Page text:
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RE: Agenda, action items and suggested WOFF changes

From: Levantovsky, Vladimir <Vladimir.Levantovsky@MonotypeImaging.com>
Date: Mon, 17 May 2010 19:19:24 -0400
To: John Hudson <tiro@tiro.com>, "rfink@readableweb.com" <rfink@readableweb.com>
CC: 'Thomas Phinney' <tphinney@cal.berkeley.edu>, 'John Daggett' <jdaggett@mozilla.com>, 'Chris Lilley' <chris@w3.org>, "public-webfonts-wg@w3.org" <public-webfonts-wg@w3.org>, "www-font@w3.org" <www-font@w3.org>
Message-ID: <7534F85A589E654EB1E44E5CFDC19E3D0209C2D684@wob-email-01.agfamonotype.org>
My original proposal [1] was based on two underlying assumptions:
1) User agents (namely browsers) should use downloaded resources to render and display the content as specified by the author (who is expected to obtain proper licenses) - therefore there would be no need for a browser to check the level of font embedding permissions.
2) Restricted License embedding has a very broad definition saying that fonts "must not be modified, embedded or exchanged in any manner without first obtaining permission of the legal owner" [2] - therefore this level would be incompatible with the web font use and this condition, if encountered, should be flagged.

The discussion that followed outlined different points of view and various use case scenarios. In particular, John Daggett presented a plausible scenario where *restricted license embedding* could be set in fonts licensed for web use [3], and Håkon has presented the case where user agents may need to pay attention and honor embedding restrictions [4].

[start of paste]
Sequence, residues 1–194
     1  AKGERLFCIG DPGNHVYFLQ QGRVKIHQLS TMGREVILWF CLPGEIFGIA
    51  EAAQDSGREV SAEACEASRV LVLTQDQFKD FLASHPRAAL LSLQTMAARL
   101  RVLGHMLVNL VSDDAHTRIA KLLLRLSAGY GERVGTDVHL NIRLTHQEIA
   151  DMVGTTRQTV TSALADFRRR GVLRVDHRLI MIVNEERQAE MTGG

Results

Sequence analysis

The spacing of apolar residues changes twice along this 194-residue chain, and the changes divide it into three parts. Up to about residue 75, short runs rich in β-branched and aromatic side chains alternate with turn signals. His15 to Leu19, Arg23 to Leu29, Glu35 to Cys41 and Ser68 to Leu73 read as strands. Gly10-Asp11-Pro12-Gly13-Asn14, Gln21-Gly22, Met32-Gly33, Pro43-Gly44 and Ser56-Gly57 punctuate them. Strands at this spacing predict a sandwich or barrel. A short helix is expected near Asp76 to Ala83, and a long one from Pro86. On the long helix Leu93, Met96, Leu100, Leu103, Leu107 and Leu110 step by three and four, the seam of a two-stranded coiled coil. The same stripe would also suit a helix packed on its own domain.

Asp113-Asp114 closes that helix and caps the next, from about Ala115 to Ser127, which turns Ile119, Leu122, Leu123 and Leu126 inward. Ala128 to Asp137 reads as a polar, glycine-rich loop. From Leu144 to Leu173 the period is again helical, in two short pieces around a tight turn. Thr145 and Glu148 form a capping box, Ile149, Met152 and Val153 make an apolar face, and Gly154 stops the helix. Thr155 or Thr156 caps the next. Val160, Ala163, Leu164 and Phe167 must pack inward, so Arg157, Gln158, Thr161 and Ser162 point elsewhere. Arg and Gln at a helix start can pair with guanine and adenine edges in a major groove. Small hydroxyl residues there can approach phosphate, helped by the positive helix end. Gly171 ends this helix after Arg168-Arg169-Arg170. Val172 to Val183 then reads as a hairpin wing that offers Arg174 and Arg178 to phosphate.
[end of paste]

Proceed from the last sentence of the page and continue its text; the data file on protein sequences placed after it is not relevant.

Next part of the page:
In light of these arguments, it seems to be inappropriate for the WOFF specification:
- to provide a blanket statement saying that all user agents shall ignore embedding permissions - because it depends on specific use case and should be left up to the UA [4], and
- to imply that current embedding permissions settings are relevant to web use by requiring tools to check them.

Since WOFF file format is supposed to be neutral to any specific flavor of SFNT-based font format, and because organizations and entities responsible for development and maintenance of existing font standards may in fact introduce future modifications that may be relevant to web font use (e.g. a new set of bits or a bitfield that may indicate specific conditions for web use), I tend to agree with Tom Phinney [5] (and others who expressed similar views) that it may be best for the WOFF spec to remain silent about embedding bits. I shared John Hudson's initial intent to clarify the relationships between the existing embedding permissions and WOFF, but I agree with John Daggett [6] and Sylvain [7] that an attempt to define conformant tool behavior isn't worth the distraction it creates.


[1] http://lists.w3.org/Archives/Public/public-webfonts-wg/2010May/0045.html
[2] http://www.microsoft.com/typography/otspec/os2.htm#fst
[3] http://lists.w3.org/Archives/Public/public-webfonts-wg/2010May/0047.html
[4] http://lists.w3.org/Archives/Public/public-webfonts-wg/2010May/0072.html
[5] http://lists.w3.org/Archives/Public/public-webfonts-wg/2010May/0094.html
[6] http://lists.w3.org/Archives/Public/public-webfonts-wg/2010May/0071.html
[7] http://lists.w3.org/Archives/Public/www-font/2010AprJun/0133.html

> -----Original Message-----
> From: John Hudson [mailto:tiro@tiro.com]
> Sent: Monday, May 17, 2010 3:55 PM
> To: rfink@readableweb.com
> Cc: 'Thomas Phinney'; Levantovsky, Vladimir; 'John Daggett'; 'Chris
> Lilley'; public-webfonts-wg@w3.org; www-font@w3.org
> Subject: Re: Agenda, action items and suggested WOFF changes
> Rich, I think you are reading too much into Tom Phinney's attempts to